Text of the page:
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Tuesday, March 24, 2009

Fest Thinkin'

This past weekend I missed the second annual Firkin Fest. (Fortunately Bill did the hard work; he has a report here.) This weekend, Seattle is having a much larger version, but the structure is just the same--two sessions on a single day. Portland's version was held at a pub, had 20 beers, cost $30, and each session was three hours long; Seattle's is being held at the Seattle Center Fisher Pavilion, has 65 beers, costs $40, and each session is four hours long. Same event, just bigger.

I love cask beer. The chemistry of carbonation is brutal; trying a cask ale is to understand the true nature of the beer, unbruised by the violence of CO2 (Supporters of Native Oregon Beer) and their Seattle . That love is not adequate, however, to get me to the fest. The structure resists me--I need a weekend with two or three 12-hour sessions so I can work it into my schedule. Why not have a regular fest structure?

Not only would it make it easier to get to, it would make it a populist event; right now, the only people going are SNOBs brethren. Instead, we should be targeting drinkers who don't know cask ale from a hole in the wall. It's great to create a fest for those who love cask ale but have a hard time finding it. It would be better to have a fest so more people could be introduced to it and create a market.

So to anyone from the Firkin Fest who's listening, an appeal from a lowly blogger: find a sizable location and turn this into a weekend affair. Please.


While I'm on the subject of fests, here's a random thought that floated through my brain after last week's experience with Full Sail's cask Amber. Since we have such a grievous paucity of beer festivals in Oregon (293 at last count), I'd love to see one more--the small beer fest. No beer above, what 5%, 4.5%? Maybe have a people's choice for beers below 5% and below 4%. Invite breweries to brew up special beer for the occasion and challenge them to come up with riveting flavors. Call it the Extreme Small Beer Fest or something. Small: it's the new frontier for extreme.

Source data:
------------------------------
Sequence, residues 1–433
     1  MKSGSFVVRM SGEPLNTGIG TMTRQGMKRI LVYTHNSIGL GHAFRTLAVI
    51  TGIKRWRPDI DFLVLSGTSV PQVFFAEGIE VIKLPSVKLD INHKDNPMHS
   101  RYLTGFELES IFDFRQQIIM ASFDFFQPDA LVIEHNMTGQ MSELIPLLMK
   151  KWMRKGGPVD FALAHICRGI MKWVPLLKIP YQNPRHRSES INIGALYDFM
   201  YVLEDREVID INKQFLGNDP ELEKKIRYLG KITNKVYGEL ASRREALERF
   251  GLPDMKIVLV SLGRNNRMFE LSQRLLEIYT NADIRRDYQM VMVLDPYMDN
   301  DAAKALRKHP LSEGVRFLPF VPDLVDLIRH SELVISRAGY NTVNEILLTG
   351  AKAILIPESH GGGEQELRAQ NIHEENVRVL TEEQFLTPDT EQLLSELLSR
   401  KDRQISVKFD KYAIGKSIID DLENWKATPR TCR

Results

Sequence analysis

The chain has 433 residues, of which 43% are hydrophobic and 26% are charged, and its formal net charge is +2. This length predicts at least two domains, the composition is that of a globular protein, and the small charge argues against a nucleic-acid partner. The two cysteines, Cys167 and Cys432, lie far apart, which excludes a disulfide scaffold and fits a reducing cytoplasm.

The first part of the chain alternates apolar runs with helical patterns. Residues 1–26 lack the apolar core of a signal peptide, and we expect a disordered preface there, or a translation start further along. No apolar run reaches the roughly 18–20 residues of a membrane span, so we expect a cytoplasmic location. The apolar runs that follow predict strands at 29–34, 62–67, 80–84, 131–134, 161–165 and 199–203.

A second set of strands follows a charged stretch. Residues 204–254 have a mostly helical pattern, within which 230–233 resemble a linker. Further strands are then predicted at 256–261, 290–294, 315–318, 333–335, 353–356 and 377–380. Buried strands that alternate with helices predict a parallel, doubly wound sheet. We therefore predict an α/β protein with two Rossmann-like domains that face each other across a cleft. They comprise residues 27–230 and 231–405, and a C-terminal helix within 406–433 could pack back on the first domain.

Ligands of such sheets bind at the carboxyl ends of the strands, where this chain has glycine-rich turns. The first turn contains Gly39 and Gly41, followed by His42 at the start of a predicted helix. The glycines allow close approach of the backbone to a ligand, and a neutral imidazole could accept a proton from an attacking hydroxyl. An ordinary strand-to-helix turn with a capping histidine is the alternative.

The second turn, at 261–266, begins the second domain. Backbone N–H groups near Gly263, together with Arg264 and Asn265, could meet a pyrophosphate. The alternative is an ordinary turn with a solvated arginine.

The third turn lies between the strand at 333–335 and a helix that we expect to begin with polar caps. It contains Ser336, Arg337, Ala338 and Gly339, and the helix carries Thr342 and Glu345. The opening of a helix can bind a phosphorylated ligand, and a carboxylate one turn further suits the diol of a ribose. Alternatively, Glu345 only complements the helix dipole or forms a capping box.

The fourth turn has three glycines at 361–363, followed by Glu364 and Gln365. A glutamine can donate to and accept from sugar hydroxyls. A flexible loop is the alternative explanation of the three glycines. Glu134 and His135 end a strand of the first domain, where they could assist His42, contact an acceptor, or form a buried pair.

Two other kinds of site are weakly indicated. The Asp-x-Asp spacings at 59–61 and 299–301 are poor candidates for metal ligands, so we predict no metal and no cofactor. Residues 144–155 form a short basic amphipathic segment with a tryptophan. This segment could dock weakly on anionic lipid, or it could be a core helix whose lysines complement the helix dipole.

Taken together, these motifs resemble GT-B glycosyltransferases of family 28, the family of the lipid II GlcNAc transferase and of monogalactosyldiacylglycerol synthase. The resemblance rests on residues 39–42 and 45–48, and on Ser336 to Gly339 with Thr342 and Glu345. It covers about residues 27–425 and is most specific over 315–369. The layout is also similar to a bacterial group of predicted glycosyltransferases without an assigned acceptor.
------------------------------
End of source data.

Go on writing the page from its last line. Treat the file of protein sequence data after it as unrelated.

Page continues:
Now, how do you put on a fest?


  1. Re: fest structure: I beg to differ. There are plenty of weekend-long big festivals aimed at the everyman/everywoman. I love those big festivals, warts and all. But it was nice to attend a short, not-crowded festival aimed at the Ubermensch/Uberfrau! Don't knock it 'til you try it.

    Re: session-beer fest: nice idea, I hope someone takes it up.

  2. Hmmm, you make a good point. I do hate over-crowded fests. But hey, consistency is the hobgoblin of small minds. Now that I'm north of 40, I consider it my right and responsibility to begin developing a dyspeptic attitude about everything.

    Damn kids, get offa my beer fest!

  3. Jeff

    I'm with Bill on this one. To me, both the Holiday Ale Festival and the OBF have been ruined by excessive crowds (HAF made a comeback return to glory this year) which delay the patron's ability to drink beer. Hell, often the bigger festivals have lines of 30 minutes or longer to get in the damn festival, and then another line for the beers.

    Even the Portland International Beer Festival was overrun with people this year, and that one used to be too expensive for people to swarm.

    It is my hope that at least some of the other festivals adopt a similar approach as the FirkinFest.

    A brother in arms north of 40

  4. Just caught this blog tonight while trolling around the Internet in a rare moment of spare time. A session beer fest? Hmmmm. We're toying with the idea of having a 'brewers weekend' up here in Oakridge at the Brewers Union later this year. I brew all real ale, and love quaffable, flavorful, low gravity pints. Please send me suggestions.